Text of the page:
Persistent Link:
http://hdl.handle.net/10150/613627
Title:
MAGIC SPICES: Ayurvedic Medicine and the Heart
Author:
Shroff, Erica
Issue Date:
2016
Publisher:
The University of Arizona.
Rights:
Copyright © is held by the author. Digital access to this material is made possible by the University Libraries, University of Arizona. Further transmission, reproduction or presentation (such as public display or performance) of protected items is prohibited except with permission of the author.
Abstract:
Ayurvedic medicine has been used in India for centuries as a dominant form of treatment and as a preventative measure for a number of chronic diseases. Not until recently have scientific studies identified the potential hypolipidemic, antiplatelet, and anti-tumor properties of various herbs/spices. The phytochemicals in these compounds may suppress the oxidation of bad LDL cholesterols, stimulate the performance of protective enzymes, and enhance immunestimulating properties that reduce an individual's risk of heart disease. As part of my honors senior thesis I conducted a literature review with my cardiovascular physiology professor, Dr. Cohen, which explores the impacts of Ayurveda on the heart. We wanted to investigate the scientific literature for turmeric and ginger specifically, in order to understand the exact physiology behind these spices. Overall, it seems as though Ayurvedic medicine can be health protective for a number of cardiovascular conditions such as high blood pressure and high cholesterol, but should be used in conjunction to modern medication. In addition, spices have considerable anti-inflammatory responses which have been shown to improve obesity-related inflammatory responses. After much research and analysis, these findings were presented at the Festival of Books in Tucson, AZ on March 12th as community outreach.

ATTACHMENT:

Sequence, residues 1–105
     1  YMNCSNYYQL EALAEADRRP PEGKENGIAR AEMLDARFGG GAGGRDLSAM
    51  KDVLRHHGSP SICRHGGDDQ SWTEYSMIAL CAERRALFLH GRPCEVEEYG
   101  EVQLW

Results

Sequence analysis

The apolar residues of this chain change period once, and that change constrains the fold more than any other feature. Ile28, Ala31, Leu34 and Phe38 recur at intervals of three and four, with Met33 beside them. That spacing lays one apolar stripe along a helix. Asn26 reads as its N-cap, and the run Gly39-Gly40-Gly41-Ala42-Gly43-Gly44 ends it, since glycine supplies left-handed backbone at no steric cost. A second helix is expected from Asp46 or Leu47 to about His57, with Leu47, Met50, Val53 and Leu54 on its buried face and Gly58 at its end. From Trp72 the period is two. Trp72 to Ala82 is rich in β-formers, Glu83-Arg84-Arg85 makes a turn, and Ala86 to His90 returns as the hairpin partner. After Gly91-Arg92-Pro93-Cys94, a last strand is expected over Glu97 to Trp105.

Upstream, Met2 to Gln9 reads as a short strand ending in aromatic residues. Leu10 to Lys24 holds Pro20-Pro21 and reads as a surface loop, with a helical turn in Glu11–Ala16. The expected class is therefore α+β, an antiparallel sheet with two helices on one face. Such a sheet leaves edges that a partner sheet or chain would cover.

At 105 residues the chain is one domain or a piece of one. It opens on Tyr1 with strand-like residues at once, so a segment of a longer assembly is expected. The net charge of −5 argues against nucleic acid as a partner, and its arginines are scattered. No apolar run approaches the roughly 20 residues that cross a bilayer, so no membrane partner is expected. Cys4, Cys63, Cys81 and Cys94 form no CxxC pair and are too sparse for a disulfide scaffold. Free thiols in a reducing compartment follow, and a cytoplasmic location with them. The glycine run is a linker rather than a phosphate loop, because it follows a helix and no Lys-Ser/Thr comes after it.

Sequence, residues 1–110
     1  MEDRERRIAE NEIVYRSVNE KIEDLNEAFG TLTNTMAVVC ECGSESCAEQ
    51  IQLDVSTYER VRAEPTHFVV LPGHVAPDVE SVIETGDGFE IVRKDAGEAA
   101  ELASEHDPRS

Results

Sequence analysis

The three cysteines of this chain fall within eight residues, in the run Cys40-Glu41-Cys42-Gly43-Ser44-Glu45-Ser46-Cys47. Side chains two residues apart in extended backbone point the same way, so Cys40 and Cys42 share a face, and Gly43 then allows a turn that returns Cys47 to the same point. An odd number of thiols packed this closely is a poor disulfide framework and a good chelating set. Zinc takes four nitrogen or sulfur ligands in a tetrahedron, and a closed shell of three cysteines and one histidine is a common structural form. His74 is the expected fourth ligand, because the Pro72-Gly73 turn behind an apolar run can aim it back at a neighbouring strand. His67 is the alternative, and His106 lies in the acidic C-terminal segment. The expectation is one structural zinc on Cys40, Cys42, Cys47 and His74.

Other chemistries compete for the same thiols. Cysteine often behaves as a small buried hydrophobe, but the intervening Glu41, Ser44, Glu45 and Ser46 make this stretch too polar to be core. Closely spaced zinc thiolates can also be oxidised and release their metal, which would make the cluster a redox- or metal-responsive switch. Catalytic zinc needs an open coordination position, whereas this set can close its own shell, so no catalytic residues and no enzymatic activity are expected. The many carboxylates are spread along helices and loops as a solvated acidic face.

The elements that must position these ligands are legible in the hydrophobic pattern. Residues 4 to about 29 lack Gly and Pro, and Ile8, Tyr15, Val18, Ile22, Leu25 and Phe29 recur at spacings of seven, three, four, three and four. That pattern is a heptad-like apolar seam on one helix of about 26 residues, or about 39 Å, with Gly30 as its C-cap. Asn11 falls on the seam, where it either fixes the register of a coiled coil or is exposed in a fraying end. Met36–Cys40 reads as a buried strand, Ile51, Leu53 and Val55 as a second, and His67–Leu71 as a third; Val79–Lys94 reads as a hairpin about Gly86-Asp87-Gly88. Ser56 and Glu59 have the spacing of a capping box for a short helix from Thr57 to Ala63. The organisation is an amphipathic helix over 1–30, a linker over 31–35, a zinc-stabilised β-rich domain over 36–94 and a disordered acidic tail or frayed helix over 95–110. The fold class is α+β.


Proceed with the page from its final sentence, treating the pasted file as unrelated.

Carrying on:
Type:
text; Electronic Thesis
Degree Name:
B.S.
Degree Level:
Bachelors
Degree Program:
Honors College; Physiology
Degree Grantor:
University of Arizona
Advisor:
Cohen, Zoe

Full metadata record

DC FieldValue Language
dc.language.isoen_USen
dc.titleMAGIC SPICES: Ayurvedic Medicine and the Hearten_US
dc.creatorShroff, Ericaen
dc.contributor.authorShroff, Ericaen
dc.date.issued2016-
dc.publisherThe University of Arizona.en
dc.rightsCopyright © is held by the author. Digital access to this material is made possible by the University Libraries, University of Arizona. Further transmission, reproduction or presentation (such as public display or performance) of protected items is prohibited except with permission of the author.en
dc.description.abstractAyurvedic medicine has been used in India for centuries as a dominant form of treatment and as a preventative measure for a number of chronic diseases. Not until recently have scientific studies identified the potential hypolipidemic, antiplatelet, and anti-tumor properties of various herbs/spices. The phytochemicals in these compounds may suppress the oxidation of bad LDL cholesterols, stimulate the performance of protective enzymes, and enhance immunestimulating properties that reduce an individual's risk of heart disease. As part of my honors senior thesis I conducted a literature review with my cardiovascular physiology professor, Dr. Cohen, which explores the impacts of Ayurveda on the heart. We wanted to investigate the scientific literature for turmeric and ginger specifically, in order to understand the exact physiology behind these spices. Overall, it seems as though Ayurvedic medicine can be health protective for a number of cardiovascular conditions such as high blood pressure and high cholesterol, but should be used in conjunction to modern medication. In addition, spices have considerable anti-inflammatory responses which have been shown to improve obesity-related inflammatory responses. After much research and analysis, these findings were presented at the Festival of Books in Tucson, AZ on March 12th as community outreach.en
dc.typetexten
dc.typeElectronic Thesisen
thesis.degree.nameB.S.en
thesis.degree.levelBachelorsen
thesis.degree.disciplineHonors Collegeen
thesis.degree.disciplinePhysiologyen
thesis.degree.grantorUniversity of Arizonaen
dc.contributor.advisorCohen, Zoeen
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